Sharing responsibility for emissions among producers and consumers could facilitate international agreement on global climate policy that is now hindered by concerns over the regional and historical inequity of emissions. Consumption-based accounting of CO2 presents an opportunity to move the global debate forward, hopefully in a positive direction.
In a paper published in PNAS 23rd March 2010, Davis and Caldeira present the latest available data on global consumption-based CO2 emissions inventory and calculations of associated consumption-based energy and carbon intensities. Consumption-based accounting of CO2 emissions differs from traditional, production-based inventories because of imports and exports of goods and services that, either directly or indirectly, involve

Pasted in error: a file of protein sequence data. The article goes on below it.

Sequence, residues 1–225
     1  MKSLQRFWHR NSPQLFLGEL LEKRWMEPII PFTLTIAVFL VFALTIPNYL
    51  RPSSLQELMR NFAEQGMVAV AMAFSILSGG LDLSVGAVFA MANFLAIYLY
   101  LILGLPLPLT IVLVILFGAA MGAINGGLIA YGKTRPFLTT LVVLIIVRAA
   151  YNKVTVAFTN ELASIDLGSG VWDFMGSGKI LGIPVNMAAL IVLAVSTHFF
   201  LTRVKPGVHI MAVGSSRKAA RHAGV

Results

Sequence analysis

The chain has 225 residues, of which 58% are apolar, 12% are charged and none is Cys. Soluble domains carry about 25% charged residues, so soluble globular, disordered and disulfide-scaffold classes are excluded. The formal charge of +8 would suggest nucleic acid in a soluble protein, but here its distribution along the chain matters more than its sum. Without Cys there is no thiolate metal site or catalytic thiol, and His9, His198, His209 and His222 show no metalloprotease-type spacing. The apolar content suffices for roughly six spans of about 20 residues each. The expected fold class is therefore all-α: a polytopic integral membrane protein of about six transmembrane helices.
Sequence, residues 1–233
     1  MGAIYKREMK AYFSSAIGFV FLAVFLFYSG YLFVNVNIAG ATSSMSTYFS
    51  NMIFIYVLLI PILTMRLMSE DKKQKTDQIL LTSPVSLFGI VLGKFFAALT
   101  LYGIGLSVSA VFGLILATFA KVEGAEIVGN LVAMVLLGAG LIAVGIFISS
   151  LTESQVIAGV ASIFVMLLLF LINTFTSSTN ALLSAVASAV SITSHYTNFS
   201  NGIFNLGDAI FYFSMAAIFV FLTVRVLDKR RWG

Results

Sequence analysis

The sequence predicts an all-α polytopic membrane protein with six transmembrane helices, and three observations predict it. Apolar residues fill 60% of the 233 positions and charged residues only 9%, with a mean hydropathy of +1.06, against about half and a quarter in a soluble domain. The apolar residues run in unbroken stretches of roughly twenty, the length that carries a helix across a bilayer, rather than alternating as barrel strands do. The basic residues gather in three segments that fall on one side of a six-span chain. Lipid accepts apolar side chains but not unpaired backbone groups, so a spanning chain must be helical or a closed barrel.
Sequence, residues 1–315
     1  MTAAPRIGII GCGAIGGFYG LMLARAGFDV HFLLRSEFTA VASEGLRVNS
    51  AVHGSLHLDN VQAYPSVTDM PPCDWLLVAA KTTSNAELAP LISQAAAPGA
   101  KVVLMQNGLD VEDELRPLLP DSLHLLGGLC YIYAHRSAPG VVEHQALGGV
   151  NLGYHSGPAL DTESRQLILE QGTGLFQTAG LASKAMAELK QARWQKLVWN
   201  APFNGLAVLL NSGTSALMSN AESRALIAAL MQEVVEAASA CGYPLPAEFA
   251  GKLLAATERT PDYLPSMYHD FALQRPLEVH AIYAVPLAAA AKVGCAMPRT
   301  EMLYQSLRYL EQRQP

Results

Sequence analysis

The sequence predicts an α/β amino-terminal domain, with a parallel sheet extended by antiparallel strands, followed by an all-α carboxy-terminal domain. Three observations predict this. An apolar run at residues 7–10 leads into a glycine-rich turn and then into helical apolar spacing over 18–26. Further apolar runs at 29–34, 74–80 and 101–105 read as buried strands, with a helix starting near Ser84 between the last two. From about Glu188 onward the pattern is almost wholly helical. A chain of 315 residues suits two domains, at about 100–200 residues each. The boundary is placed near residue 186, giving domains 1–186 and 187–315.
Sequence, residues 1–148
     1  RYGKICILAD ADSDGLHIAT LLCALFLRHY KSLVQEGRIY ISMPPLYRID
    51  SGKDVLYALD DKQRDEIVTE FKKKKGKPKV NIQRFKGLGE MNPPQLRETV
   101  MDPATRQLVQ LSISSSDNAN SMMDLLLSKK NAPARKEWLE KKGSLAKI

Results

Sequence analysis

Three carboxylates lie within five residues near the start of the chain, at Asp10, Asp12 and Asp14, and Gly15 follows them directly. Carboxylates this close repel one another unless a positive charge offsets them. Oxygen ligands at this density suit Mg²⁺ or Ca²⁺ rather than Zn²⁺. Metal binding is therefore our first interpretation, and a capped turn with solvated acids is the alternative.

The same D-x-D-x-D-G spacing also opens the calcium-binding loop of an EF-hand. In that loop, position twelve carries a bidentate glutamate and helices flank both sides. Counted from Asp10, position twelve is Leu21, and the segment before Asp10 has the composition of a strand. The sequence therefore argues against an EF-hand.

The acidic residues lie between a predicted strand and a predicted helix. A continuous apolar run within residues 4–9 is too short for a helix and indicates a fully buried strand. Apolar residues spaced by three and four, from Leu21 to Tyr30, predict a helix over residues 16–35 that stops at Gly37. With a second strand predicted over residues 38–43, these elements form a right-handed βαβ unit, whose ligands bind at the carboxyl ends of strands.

This study reveals that in 2004, 23% of global CO2 emissions, or 6.2 gigatonnes of CO2, were traded internationally, primarily as exports from China and other emerging markets to consumers in developed countries. In some wealthy countries, including Switzerland, Sweden, Austria, the United Kingdom, and France, >30% of consumption-based emissions were imported, with net imports to many Europeans of >4 tons CO2 per person in 2004. CO2 emissions. Consumption-based accounting of CO2 emissions demonstrates the potential for international carbon leakage.
See full article in PNAS March 23, 2010 vol. 107 no. 12 pp 5687-5692